There are others still who would be fascinating to watch run. The Democratic primary would be strengthened if Booker and Warren ran for the nomination. They have the largest following online of any active Democrats. They each present the strong political and personal contrast needed up against Trump. They are both great public speakers and are masters of the issues that they care most about. And I think in any traditional election, they’d be perfect nominees for the Democratic Party. But can they pack a stadium full of people without Beyoncé opening and Jay-Z closing? Not today, they couldn’t. What experience do they have organizing people on the national level? Trump won 30 different states. How will Booker and Warren play in those states that they need to flip over to the Democrats? It’s hard to say.
I agree with people who say that the most important thing to organize for right now is the midterm election later this year. It will be here in just about 300 days. But anyone saying right now is too soon to begin talking and debating about the 2020 presidential race is either naive or ignorant. The campaigns will all start in 2019. All of the early work to prepare for those 2019 campaigns is already underway.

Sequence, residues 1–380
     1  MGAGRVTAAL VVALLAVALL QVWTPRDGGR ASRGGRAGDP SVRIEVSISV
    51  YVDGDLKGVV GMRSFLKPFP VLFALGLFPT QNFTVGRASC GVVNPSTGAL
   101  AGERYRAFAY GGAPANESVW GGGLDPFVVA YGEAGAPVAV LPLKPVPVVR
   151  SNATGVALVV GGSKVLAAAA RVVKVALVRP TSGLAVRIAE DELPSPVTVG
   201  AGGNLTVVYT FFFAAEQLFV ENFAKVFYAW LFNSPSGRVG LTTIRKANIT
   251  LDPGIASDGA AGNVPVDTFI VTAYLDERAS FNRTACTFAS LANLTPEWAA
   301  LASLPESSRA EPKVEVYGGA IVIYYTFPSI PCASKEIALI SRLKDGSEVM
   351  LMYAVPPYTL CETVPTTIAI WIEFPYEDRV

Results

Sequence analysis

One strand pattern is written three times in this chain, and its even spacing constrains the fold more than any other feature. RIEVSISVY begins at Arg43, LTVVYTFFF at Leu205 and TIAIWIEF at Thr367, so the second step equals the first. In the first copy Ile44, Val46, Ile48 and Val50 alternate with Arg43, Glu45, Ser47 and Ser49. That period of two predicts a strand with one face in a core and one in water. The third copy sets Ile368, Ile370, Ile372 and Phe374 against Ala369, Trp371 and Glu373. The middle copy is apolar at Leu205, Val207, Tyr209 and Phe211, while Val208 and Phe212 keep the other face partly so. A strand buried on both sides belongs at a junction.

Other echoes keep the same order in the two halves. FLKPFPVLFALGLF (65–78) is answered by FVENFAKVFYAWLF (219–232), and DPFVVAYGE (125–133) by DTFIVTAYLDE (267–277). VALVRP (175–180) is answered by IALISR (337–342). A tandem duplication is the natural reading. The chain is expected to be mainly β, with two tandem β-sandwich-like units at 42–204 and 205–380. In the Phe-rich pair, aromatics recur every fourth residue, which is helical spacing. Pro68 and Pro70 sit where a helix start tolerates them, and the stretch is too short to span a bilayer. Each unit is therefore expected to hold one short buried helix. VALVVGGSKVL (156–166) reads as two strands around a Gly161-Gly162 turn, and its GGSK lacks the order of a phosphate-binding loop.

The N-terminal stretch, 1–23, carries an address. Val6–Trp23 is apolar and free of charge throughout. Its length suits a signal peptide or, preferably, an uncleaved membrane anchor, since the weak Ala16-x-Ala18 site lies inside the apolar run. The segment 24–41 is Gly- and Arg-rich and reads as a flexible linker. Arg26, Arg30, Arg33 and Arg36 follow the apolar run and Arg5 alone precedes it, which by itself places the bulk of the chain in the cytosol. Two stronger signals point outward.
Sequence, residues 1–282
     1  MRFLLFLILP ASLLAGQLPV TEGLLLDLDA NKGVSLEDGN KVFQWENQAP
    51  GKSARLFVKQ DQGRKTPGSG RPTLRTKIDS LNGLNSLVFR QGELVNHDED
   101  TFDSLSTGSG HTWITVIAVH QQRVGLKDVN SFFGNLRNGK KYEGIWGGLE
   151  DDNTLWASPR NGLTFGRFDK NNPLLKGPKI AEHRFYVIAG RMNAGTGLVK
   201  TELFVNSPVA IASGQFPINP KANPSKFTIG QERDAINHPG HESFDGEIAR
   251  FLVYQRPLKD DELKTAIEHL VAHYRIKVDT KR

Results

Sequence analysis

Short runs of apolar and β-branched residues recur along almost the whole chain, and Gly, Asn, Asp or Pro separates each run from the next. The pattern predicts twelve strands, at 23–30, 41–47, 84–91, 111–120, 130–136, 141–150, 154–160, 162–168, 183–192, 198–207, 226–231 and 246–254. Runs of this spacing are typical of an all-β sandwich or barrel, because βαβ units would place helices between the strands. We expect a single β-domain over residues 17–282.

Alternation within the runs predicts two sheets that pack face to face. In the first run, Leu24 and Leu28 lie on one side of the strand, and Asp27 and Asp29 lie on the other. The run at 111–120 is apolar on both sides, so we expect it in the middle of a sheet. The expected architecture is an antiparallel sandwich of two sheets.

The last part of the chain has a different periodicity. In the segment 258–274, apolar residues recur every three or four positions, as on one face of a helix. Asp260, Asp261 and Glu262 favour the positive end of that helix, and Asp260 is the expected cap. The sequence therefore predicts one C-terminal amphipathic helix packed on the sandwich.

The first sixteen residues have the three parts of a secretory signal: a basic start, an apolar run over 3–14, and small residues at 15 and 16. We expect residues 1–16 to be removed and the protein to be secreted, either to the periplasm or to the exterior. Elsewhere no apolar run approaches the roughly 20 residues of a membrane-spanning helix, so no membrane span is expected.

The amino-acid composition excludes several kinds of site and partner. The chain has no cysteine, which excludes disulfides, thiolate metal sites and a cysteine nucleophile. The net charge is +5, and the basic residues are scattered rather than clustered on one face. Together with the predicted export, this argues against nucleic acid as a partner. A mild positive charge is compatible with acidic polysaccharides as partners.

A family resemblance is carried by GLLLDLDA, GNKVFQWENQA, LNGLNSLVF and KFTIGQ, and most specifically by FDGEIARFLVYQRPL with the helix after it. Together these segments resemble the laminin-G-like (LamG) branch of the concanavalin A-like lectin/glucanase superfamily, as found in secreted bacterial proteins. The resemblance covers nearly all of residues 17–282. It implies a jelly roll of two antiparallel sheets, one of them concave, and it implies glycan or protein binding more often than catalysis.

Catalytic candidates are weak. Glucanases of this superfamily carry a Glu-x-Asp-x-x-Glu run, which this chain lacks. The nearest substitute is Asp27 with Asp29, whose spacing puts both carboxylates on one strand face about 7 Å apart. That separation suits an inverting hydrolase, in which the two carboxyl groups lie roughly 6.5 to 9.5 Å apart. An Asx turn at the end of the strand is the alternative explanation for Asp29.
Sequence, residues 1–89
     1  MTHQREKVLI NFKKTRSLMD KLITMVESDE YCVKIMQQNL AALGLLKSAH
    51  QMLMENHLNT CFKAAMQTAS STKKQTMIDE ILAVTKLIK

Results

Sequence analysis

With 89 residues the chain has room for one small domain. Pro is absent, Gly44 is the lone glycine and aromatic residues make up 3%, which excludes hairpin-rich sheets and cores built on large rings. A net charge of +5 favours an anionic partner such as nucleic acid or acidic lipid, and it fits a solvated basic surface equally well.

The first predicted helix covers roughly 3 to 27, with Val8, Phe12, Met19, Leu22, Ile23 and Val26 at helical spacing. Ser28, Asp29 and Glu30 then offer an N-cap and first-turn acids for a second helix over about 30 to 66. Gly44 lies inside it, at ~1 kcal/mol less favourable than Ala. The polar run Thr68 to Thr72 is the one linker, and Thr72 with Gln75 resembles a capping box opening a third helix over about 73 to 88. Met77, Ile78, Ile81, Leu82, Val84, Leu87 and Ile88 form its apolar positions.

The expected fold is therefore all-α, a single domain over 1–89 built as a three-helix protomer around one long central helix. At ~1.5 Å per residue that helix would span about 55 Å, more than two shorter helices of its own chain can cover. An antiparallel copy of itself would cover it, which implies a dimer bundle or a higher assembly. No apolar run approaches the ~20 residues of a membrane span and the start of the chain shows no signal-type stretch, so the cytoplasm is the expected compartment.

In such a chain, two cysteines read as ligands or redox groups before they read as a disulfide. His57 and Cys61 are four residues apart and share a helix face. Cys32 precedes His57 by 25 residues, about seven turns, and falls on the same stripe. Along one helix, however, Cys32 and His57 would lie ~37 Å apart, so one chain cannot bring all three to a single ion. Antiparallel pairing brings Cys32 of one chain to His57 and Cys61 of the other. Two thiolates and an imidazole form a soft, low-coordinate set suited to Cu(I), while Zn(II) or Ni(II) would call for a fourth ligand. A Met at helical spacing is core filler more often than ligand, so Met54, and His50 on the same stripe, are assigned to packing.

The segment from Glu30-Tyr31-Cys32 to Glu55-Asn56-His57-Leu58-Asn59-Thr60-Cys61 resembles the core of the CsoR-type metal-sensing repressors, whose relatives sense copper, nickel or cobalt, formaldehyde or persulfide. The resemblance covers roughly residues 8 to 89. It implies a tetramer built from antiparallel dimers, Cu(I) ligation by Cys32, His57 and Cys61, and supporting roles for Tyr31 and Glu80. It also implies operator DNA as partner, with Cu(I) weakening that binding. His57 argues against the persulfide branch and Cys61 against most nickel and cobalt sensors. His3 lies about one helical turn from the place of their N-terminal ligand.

Let’s talk briefly about what happened in 2016 with Hillary Clinton. In 2014, she decided she was going to run, assembled a team behind the scenes, and began locking up the support of Democratic superdelegates long before a single vote had even been cast. Because of her movement behind the scenes, other competitive Democrats, like Warren, who might have wanted to run, opted not to challenge her. We ended up with a very strange Democratic primary in which Clinton really only ran against two people: a governor few people had ever heard of and a man who isn’t even a Democrat, Bernie Sanders.
This failed Democratic primary, which didn’t strengthen Clinton, but weakened her, is part of the reason why she lost to Trump. Primaries are supposed to highly competitive races between eight and 10 political all-stars from within the party, and the person who wins normally goes into the general election with a ton of momentum. That’s exactly what Obama did back in 2008.
Right now, the men and women who are going to run for president in the next election are already gathering their support, forming the core of their teams, and getting all of their ducks in a row. It’s not too early to be talking about this race. It’s just the right moment to do so.
What I am trying to tell you is that defeating Donald Trump in 2020 is going to require a brand-new set of rules and that ignoring those could get that man re-elected. So we’d better get talking about it. What do you think?